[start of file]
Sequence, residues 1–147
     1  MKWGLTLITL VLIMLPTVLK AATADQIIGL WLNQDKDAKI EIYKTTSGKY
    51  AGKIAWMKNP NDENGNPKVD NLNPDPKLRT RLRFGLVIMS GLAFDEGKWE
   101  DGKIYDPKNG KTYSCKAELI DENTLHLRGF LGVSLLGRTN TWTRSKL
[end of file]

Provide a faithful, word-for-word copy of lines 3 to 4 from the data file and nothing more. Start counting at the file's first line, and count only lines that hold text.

    51  AGKIAWMKNP NDENGNPKVD NLNPDPKLRT RLRFGLVIMS GLAFDEGKWE
   101  DGKIYDPKNG KTYSCKAELI DENTLHLRGF LGVSLLGRTN TWTRSKL